8 Special Eligibility for OEF/OIF/OND (cont.) Cost-free one-time assessment of dental conditions for recently separated veterans who: Served for 90 days or more Apply within 180 days of separation Did not receive necessary dental care from military within 90 days of release or discharge

9 Some Numbers… Data presented on the following slides are from: Analysis of VA Health Care Utilization among Operation Enduring Freedom (OEF), Operation Iraqi Freedom (OIF), and Operation New Dawn (OND) Veterans Office of Public Health and Environmental Hazards Veterans Health Administration Department of Veterans Affairs April 2011

10 Demographics: OEF/OIF/OND Veterans Using VA Health Care Approximately 2.2 million service members have been deployed (OEF/OIF/OND) since 2002 (as of 12/31/2010) 1,285,631 OEF, OIF, and OND veterans who have left active duty and become eligible for VA health care since FY 2002 –691,031 (~54%)* Former Active Duty troops –594,600 (~46%) Reserve and National Guard *Percentages reported are approximate due to rounding.

11 Among all 1,285,631 separated OEF/OIF/OND Veterans: –51% (654,348) of total separated OEF/OIF/OND Veterans have obtained VA health care since FY 2002 (cumulative total) 615,577 of 654,348 (~94%) evaluated OEF/OIF/OND patients have been seen as outpatients only by VA and not hospitalized 38,771 of 654,348 (~6%) evaluated OEF/OIF/OND patients have been hospitalized at least once in a VA health care facility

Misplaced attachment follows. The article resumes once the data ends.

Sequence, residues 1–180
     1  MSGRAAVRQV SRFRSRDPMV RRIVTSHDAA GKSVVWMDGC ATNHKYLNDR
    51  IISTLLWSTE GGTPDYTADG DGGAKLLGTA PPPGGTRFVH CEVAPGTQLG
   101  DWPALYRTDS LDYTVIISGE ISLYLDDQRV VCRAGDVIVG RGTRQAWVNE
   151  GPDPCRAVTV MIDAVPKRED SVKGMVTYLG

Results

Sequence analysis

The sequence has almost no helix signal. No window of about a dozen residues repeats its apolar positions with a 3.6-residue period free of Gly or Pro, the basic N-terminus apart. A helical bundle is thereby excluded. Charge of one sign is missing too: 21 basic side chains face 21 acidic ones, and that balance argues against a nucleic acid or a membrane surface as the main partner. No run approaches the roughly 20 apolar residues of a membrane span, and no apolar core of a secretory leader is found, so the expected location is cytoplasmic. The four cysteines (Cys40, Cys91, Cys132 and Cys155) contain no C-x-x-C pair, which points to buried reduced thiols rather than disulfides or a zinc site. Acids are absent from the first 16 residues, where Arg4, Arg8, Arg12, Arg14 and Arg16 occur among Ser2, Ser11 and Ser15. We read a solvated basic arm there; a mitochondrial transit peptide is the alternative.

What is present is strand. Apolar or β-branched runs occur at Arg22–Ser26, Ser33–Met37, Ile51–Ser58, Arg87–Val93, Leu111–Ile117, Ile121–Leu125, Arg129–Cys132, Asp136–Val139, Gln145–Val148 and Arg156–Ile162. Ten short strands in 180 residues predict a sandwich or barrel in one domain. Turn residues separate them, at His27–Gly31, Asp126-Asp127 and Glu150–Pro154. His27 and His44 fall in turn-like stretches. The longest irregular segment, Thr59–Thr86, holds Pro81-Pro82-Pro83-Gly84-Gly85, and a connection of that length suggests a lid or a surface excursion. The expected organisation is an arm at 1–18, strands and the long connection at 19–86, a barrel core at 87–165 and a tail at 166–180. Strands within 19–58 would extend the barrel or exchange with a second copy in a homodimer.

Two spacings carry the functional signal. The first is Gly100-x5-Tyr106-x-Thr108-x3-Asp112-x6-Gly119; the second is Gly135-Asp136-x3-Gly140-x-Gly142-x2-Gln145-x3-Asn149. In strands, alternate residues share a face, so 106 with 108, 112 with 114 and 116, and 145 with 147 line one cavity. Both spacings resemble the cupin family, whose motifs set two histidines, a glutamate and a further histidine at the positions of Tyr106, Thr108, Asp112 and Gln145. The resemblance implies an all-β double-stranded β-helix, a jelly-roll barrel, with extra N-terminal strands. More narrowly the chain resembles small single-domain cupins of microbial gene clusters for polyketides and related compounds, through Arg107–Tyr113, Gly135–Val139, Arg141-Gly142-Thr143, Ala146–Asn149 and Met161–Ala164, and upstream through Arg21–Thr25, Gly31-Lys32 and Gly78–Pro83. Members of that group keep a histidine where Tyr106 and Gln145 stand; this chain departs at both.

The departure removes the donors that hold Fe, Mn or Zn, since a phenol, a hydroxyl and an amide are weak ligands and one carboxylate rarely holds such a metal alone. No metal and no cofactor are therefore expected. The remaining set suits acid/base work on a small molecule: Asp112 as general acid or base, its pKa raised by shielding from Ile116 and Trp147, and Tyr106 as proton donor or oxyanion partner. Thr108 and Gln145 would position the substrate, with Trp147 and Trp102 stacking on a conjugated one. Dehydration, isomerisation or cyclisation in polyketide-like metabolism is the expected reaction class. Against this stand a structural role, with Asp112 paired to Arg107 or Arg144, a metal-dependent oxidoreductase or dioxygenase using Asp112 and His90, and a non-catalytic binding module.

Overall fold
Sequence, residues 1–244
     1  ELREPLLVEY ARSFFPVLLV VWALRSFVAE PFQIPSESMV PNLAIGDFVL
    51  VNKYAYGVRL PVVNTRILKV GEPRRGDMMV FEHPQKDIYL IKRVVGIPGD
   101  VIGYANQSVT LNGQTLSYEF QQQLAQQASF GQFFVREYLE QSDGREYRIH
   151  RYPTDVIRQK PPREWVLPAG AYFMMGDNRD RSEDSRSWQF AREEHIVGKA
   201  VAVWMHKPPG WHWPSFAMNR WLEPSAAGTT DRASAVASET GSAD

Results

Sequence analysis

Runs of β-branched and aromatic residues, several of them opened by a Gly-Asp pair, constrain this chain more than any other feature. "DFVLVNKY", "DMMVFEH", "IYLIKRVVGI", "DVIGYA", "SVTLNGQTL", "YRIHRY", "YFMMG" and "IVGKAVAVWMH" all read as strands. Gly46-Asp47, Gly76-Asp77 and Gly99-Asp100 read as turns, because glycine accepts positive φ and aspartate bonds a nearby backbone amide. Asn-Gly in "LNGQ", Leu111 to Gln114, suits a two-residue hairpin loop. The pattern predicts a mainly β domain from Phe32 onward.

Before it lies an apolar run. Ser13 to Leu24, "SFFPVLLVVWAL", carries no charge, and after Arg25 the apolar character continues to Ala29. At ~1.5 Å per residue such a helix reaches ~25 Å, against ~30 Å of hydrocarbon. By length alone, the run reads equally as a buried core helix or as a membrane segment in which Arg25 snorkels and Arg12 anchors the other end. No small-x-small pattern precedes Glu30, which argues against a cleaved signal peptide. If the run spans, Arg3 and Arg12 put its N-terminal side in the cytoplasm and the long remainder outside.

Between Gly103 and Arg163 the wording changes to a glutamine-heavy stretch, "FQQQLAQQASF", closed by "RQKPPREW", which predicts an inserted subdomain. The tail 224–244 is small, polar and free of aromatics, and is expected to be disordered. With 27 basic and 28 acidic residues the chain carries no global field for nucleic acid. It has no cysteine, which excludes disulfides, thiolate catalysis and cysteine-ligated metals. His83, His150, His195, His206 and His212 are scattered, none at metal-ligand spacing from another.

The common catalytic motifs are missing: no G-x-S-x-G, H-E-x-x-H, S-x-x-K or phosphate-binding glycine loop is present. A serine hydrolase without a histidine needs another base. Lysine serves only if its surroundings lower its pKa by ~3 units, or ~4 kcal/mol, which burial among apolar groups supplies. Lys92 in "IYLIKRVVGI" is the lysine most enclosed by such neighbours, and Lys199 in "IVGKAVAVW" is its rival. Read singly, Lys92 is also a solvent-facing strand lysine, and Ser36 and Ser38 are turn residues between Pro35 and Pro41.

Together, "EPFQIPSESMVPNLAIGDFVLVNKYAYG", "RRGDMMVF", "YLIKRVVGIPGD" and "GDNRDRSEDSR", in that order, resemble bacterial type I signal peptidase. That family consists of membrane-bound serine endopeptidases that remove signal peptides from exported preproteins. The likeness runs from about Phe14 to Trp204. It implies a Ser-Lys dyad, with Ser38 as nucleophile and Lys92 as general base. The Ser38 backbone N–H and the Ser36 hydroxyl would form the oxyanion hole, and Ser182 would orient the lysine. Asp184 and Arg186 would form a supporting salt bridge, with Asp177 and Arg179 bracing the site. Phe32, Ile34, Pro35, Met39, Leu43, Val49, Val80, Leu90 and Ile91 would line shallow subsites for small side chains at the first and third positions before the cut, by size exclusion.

12 Demographic Characteristics of OEF, OIF, and OND Veterans Utilizing VA Health Care % OEF/OIF/OND Veterans* (n = 654,348) % OEF/OIF/OND Veterans* (n = 654,348) SexUnit Type Male88.1Active Duty54.4 Female11.9Reserve/Guard45.6 Birth Year Cohort † Branch 1980 – 199444.8Air Force12.2 1970 – 197926.5Army61.4 1960 – 196921.1Marines13.4 1950 – 19596.5Navy12.8 1926 – 19491.1 Rank Enlisted91.2 Officer8.8 * Percentages reported are approximate due to rounding. † A range of birth years is now being reported rather than a range of ages to capture with greater precision the age distribution of OEF/OIF/OND Veterans utilizing VA health care. This began with the 3rd Qtr FY 2009 report.